Total demand for each good (the sum of households' consumption, public and private investments and intermediate uses) is satisfied by a mix of domestic production and imports. For non-energy goods, we adopt Armington specifications (Armington, 19692) to capture the partial substitutability between domestic and foreign goods, while for energy goods (in MToe) physical accounting makes them fully substitutable. All intermediate and final goods are internationally tradable. Domestic as well as international markets for all goods are cleared (i.e. no stock is allowed) by a unique set of relative prices and this determines the utilization rate of production capacities. The partial utilization rate of production capacities allows the represention of operational flexibility through early retirement of those capacities which, although installed, are not used for actual production because they are not competitive in current economic conditions.
Between annual equilibria, dedicated modules describe the investments choices and the evolution of preferences, techniques and land uses; thereby updating the next equilibrium parameters at t+1 (installed production capacities, households equipment, the installed technologies represented by the input-output coefficients).
The equilibrium values of all variables from previous equilibria serve as signals for agents' decisions represented in the dynamic modules. Therefore decisions are taken with no perfect foresight of future values.
Within the dynamic modules, technical choices are available, however only marginal changes in the input-output coefficients embodied in existing equipment vintages (arising from past technical choices) are possible/allowed.
The dynamic modules represent the evolution of technical coefficients resulting from agents' microeconomic decisions on technological choices, under the limits imposed by the innovation possibility frontier, IPF, (Ahmad, 19663). They embed a) sectoral level information on economies of scale, learning-by-doing mechanisms and saturation in efficiency progress, and b) expert views about the asymptotes of ultimate technical potentials, the impact of incentive systems, and the role of market or institutional imperfections. The new investment choices and technical coefficients are then sent back to the static module in the form of updated production capacities and input-output coefficients to calculate the t+1 equilibrium.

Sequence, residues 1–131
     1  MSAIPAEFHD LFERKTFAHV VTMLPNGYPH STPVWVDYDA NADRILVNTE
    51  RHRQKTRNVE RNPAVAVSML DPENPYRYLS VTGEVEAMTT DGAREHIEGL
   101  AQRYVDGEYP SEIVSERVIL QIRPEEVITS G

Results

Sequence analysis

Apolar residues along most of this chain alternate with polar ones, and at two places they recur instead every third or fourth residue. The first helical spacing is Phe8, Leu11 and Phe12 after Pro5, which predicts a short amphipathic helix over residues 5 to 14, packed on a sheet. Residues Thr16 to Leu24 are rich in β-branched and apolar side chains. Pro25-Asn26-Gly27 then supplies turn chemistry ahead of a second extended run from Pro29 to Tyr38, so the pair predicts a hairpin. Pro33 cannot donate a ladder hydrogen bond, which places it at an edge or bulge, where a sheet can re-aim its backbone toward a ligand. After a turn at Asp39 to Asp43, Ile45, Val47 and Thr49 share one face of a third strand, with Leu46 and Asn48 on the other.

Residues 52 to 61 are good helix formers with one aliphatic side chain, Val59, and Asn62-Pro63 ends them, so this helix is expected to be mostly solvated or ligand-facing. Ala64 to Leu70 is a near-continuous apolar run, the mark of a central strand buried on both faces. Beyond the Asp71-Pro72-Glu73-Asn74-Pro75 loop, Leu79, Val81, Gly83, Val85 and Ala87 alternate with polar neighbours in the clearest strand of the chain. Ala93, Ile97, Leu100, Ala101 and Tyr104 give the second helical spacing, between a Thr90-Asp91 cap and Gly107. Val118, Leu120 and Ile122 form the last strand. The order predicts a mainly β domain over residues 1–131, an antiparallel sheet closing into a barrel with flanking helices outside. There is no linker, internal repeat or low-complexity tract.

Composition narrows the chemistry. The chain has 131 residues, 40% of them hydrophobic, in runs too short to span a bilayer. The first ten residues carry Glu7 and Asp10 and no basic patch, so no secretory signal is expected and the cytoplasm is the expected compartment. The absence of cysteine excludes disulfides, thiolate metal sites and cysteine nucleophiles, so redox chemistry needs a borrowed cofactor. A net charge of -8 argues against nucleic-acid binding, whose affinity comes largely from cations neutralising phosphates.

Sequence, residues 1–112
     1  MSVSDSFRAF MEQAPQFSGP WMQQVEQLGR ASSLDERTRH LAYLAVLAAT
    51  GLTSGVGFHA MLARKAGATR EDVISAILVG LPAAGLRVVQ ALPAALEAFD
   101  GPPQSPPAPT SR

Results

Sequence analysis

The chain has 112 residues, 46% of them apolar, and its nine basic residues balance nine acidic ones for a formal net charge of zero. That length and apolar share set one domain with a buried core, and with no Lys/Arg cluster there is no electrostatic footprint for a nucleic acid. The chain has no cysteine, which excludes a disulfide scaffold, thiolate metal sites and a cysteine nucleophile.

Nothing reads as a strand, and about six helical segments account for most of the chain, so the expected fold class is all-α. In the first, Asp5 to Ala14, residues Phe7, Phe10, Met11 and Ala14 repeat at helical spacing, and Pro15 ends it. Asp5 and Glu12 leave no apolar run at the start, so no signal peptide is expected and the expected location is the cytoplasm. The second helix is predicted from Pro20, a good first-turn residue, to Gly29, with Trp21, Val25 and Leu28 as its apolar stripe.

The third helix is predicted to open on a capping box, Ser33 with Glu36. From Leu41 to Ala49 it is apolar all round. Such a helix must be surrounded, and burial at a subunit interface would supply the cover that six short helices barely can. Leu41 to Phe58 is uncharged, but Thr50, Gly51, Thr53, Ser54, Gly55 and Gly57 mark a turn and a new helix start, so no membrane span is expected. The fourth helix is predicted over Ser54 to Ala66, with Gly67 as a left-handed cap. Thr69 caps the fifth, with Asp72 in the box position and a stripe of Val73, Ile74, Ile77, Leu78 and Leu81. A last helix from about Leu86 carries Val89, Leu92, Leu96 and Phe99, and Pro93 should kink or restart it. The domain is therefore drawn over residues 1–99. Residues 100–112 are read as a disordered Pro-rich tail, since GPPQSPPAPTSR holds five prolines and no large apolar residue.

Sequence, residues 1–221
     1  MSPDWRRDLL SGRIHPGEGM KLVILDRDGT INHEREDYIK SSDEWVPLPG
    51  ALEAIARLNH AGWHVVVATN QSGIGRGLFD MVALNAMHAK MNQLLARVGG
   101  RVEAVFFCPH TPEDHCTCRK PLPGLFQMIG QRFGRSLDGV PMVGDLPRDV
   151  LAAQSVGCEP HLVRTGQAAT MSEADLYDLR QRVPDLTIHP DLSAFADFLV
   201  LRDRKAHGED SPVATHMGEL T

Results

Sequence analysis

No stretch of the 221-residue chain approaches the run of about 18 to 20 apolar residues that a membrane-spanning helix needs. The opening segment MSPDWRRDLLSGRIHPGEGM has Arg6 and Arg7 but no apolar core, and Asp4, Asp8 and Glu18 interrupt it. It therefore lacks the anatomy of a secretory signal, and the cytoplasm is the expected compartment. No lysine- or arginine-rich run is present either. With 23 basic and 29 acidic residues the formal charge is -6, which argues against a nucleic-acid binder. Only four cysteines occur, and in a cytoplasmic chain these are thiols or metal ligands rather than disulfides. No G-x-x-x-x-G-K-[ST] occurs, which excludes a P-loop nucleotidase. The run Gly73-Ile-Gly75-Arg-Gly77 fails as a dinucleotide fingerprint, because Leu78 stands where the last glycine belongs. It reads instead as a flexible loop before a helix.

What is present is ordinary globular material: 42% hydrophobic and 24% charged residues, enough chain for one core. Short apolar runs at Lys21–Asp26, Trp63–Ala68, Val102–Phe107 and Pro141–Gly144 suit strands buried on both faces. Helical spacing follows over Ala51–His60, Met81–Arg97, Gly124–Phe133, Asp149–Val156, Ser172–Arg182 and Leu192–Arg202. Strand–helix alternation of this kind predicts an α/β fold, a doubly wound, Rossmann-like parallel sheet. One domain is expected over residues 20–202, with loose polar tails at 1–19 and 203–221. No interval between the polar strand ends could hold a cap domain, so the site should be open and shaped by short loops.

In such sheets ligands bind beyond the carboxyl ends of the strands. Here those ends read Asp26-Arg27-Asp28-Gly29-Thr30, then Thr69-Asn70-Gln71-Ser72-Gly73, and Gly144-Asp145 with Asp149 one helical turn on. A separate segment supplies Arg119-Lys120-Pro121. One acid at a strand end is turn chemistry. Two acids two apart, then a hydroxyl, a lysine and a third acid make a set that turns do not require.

This general putty-clay representation with fixed technical content of installed capital, is critical to the representation of inertia in technical systems. It allows for distinction between short-term rigidities and long-term flexibilities (Johansen, 19594).
The IMACLIM-R model endogenizes the rate and direction of technical change by representing the bottom-up impact of investment decisions on the deployment of technical systems. The consistency of the top-down/bottom-up communication is guaranteed by a hybrid structure representing the economy in money values and physical quantities (Hourcade et al, 20065). This dual accounting, following the Arrow-Debreu framework (Arrow and Debreu, 19546), ensures that the projected economy is supported by a realistic technical background and, conversely, that projected technical systems correspond to realistic economic flows and consistent sets of relative prices.
Imaclim-R is implemented in Scilab, and uses a C solver to solve the static equilibrium system of non-linear equations.